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Wichita Falls man named head of statewide water group

AUSTIN—Veteran utility executive Daniel Nix has been named Executive Director of the Texas Section of the American Water Works Association. Nix will join the Texas Section AWWA effective Feb. 19.

Nix succeeds Mike Howe, who is retiring June 30 after 27 years as the executive leader of the largest single-state and fastest growing Section of the Denver-based American Water Works Association. AWWA is the leading water organization in the world and determines drinking water standards for all North America and much of the world.

Nix has worked his way up the ladder at the City of Wichita Falls, serving in a variety of capacities that prepare him to work with utility professionals at every level.

In 1986, he decided to step away from his engineering studies at Texas Tech University and spend a year working as a utilities technician in Wichita Falls. That led to opportunities as a water meter mechanic and laboratory technician.

He continued his career at the city while transferring to Midwestern State University, where he received his bachelor’s degree in Environmental Science.

After serving six years as Operations and Maintenance Supervisor, in 1996 the City of Wichita Falls named Nix the Water Source/Purification Superintendent managing 45 employees. When a vacancy occurred in 2008, he was named Interim Director of Public Utilities, then was named Public Utility Operations Manager, overseeing a staff of 162 employees.

When drought hit the Wichita Falls area and depleted the city’s sources of drinking water, Nix led the utility as it engineered a direct potable reuse solution that won national attention and acclaim. With a fast-track TCEQ approval and detailed communication with its customers, the city piped treated wastewater to its water plant for further treatment and distribution.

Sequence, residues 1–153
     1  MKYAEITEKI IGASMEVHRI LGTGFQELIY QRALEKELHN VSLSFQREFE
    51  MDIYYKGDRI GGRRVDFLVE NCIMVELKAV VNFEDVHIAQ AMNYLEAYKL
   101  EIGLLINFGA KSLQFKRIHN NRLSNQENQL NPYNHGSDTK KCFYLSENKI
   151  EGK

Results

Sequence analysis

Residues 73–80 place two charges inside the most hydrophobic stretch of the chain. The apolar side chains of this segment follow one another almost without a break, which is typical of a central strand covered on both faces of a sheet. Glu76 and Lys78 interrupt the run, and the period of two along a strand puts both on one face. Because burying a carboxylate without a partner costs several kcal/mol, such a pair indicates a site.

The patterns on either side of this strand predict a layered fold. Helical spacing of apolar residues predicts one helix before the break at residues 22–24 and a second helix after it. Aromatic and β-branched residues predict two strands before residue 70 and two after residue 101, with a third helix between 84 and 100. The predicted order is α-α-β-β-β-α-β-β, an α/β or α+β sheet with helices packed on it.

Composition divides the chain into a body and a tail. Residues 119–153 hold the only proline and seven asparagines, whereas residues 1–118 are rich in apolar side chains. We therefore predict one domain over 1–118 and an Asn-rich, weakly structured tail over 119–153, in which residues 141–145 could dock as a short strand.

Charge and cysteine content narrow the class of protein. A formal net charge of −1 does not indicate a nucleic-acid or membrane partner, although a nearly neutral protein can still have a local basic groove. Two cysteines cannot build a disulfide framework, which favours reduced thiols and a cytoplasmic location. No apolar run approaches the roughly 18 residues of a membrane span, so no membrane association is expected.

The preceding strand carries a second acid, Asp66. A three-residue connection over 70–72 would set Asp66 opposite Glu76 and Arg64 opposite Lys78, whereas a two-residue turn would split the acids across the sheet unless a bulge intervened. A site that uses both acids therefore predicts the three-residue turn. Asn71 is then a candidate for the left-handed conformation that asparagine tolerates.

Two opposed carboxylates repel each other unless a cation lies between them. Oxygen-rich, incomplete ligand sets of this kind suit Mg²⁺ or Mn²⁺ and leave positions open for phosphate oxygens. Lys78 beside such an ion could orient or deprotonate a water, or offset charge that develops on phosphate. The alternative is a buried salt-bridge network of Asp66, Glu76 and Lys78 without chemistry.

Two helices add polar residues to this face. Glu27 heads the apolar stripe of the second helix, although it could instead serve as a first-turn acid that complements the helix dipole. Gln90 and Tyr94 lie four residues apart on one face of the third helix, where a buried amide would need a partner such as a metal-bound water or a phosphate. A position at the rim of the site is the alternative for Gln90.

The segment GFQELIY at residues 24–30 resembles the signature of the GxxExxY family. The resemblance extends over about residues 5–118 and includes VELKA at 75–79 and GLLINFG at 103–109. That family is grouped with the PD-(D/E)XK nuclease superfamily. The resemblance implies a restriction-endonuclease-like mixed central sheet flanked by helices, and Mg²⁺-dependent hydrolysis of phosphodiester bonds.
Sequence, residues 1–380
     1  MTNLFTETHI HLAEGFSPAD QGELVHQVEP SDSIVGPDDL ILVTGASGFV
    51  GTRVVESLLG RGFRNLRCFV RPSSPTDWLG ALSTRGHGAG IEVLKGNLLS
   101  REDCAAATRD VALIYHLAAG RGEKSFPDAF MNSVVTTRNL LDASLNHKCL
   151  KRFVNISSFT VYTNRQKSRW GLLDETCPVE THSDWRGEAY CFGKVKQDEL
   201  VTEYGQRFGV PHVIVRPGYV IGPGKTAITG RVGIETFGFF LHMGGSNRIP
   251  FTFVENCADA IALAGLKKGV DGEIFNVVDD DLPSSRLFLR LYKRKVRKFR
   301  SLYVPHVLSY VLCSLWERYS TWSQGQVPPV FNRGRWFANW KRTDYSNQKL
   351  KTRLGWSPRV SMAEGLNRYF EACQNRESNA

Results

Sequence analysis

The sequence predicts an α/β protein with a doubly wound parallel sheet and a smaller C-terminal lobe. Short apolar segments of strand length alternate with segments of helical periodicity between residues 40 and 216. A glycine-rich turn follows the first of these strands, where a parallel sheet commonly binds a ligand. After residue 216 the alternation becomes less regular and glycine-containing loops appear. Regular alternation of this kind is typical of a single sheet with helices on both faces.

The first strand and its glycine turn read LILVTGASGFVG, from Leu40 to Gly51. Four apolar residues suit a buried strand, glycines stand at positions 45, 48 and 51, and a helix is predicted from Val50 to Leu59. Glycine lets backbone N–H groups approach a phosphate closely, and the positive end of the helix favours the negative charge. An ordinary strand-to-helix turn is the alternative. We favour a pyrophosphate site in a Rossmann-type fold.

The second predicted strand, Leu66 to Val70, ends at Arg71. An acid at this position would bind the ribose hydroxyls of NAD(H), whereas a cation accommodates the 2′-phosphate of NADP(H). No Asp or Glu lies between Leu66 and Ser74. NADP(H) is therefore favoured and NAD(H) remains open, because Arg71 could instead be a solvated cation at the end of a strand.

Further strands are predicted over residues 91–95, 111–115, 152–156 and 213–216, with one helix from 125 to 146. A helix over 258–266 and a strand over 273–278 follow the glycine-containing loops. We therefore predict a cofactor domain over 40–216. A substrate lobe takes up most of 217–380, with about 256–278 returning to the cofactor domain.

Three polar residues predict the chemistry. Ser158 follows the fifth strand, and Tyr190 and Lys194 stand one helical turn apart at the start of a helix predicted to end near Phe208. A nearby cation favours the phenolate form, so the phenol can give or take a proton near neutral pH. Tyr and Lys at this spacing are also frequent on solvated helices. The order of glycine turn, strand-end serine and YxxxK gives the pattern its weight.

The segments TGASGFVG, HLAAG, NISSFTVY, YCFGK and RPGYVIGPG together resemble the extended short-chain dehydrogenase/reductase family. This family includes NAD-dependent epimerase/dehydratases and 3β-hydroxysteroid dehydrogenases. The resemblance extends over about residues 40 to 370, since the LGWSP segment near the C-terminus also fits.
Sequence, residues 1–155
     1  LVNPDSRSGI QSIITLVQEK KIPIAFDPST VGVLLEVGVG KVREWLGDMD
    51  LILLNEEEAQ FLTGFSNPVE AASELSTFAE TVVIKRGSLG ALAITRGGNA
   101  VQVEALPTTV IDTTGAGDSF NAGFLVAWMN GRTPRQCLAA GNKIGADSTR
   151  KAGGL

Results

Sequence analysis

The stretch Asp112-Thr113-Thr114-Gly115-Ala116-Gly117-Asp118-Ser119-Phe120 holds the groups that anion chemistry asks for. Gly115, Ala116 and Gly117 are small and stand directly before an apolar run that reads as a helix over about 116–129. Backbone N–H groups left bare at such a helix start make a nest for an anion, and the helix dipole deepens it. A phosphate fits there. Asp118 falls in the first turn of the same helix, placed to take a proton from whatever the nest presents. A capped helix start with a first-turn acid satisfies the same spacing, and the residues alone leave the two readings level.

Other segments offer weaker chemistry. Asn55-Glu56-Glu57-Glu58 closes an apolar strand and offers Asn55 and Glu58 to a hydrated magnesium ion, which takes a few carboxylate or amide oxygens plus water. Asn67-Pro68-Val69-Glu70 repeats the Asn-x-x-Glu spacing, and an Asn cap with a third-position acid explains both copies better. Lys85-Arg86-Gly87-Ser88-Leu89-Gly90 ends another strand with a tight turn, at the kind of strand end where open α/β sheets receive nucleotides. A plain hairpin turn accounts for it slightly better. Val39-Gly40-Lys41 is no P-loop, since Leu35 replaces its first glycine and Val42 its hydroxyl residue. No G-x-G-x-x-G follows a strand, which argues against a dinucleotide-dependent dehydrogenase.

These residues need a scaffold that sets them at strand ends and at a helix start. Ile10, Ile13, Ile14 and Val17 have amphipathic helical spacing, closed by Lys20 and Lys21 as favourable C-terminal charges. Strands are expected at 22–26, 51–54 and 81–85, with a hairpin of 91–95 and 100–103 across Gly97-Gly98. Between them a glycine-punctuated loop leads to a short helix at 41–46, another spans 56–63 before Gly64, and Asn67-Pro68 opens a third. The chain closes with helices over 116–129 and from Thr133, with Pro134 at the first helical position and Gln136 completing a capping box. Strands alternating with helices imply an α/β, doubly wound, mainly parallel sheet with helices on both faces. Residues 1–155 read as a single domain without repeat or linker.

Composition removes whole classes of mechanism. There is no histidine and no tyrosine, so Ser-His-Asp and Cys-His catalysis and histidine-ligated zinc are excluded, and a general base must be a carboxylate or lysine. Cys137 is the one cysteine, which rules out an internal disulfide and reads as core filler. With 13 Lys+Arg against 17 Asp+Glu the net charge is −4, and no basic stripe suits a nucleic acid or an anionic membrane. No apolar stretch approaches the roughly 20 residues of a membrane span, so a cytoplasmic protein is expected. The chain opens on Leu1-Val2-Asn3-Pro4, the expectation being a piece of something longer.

Given Nix’s experience with direct potable reuse, he was instrumental in the creation of AWWA’s G485- Potable Reuse Program Operation and Management Standard, first participating on the Direct Potable Reuse Standards Committee and then on the Indirect Potable Reuse Standards Committee. He continues to support standards development by serving on the Reuse Standards Committee and the AWWA Water Reuse Committee.

Nix has worked with the U.S. Environmental Protection Agency on several initiatives, including the EPA 2017 Potable Reuse Compendium, 2020 Reuse Action Plan and the 2015 Framework for Direct Potable Reuse. In 2021, he collaborated with General Dynamics and the EPA on developing a case study for the EPAs Climate Resilience Evaluation and Awareness Tool (CREAT) Risk Assessment Application for water utilities.

At the state government level, he was instrumental in working with the 87th Texas Legislature in passing legislation directing the Texas Commission on Environmental Quality to develop regulatory guidance on implementing direct potable reuse for water utilities and engineering firms.

Nix has worked with the AWWA office in Washington, D.C., since 2017 on the implementation of the Farm Bill in Texas. His efforts got TAWWA a seat on the TNRCS State Technical Advisory Committee.

As with his utility career, Nix has played several roles in the Texas Section and other statewide water organizations.

Nix has served on the TAWWA Board of Directors since 2001. He worked his way through the officer ranks to serve as Chair of Texas AWWA in 2017. He has served as chair of the Membership Education Sub-Division and as chair of the Agriculture Committee and the Business/Industry Committee.  He serves as one of the two Texas representatives on the AWWA Board of Directors.

He received the Fuller Award, AWWA’s highest honor, in 2013. AWWA recognized him with the Honorary Member Award in 2023, honoring his accomplishments and expertise in the field of water. In 2021, the national organization bestowed its Outstanding Service to AWWA award.

Nix spearheaded education efforts for advanced water treatment and for the SETH (Science, Engineering, Technology and Health) program, which will allow high school students to complete the state’s Basic Water Treatment course. Even if they’re not 18, the students can take the TCEQ’s Class D test. If they pass, when they turn 18, they’ll get their Class D license and be ready to work for their local water utility.

“I’m excited about the opportunity to add value to the entire water industry through these Texas Sections initiatives,” Nix said.

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